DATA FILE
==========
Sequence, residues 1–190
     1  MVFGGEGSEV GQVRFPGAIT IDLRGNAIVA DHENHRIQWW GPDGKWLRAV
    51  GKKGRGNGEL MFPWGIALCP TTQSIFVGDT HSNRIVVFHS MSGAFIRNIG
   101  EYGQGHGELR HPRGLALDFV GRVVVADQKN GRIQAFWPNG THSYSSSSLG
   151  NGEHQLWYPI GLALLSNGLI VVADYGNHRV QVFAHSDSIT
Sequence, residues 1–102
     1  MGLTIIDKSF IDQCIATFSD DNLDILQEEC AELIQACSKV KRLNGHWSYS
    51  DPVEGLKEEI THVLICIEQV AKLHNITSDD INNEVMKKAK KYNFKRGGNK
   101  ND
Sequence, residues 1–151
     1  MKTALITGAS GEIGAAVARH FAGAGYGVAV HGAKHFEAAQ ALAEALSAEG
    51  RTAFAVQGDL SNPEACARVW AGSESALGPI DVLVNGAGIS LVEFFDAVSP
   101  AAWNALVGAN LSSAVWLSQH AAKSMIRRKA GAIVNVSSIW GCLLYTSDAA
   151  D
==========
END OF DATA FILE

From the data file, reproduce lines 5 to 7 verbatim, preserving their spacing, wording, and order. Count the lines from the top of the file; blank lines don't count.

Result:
   151  NGEHQLWYPI GLALLSNGLI VVADYGNHRV QVFAHSDSIT
Sequence, residues 1–102
     1  MGLTIIDKSF IDQCIATFSD DNLDILQEEC AELIQACSKV KRLNGHWSYS